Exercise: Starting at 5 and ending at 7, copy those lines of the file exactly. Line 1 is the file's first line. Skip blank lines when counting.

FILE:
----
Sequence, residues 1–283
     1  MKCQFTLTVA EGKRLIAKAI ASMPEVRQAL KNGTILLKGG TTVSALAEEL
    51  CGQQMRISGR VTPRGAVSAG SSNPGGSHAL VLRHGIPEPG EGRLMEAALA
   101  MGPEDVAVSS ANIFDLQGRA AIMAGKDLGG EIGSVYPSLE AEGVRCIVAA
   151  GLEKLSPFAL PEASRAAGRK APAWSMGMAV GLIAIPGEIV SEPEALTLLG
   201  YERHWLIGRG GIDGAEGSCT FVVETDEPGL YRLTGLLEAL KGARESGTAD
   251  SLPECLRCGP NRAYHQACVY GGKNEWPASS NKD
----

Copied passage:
   151  GLEKLSPFAL PEASRAAGRK APAWSMGMAV GLIAIPGEIV SEPEALTLLG
   201  YERHWLIGRG GIDGAEGSCT FVVETDEPGL YRLTGLLEAL KGARESGTAD
   251  SLPECLRCGP NRAYHQACVY GGKNEWPASS NKD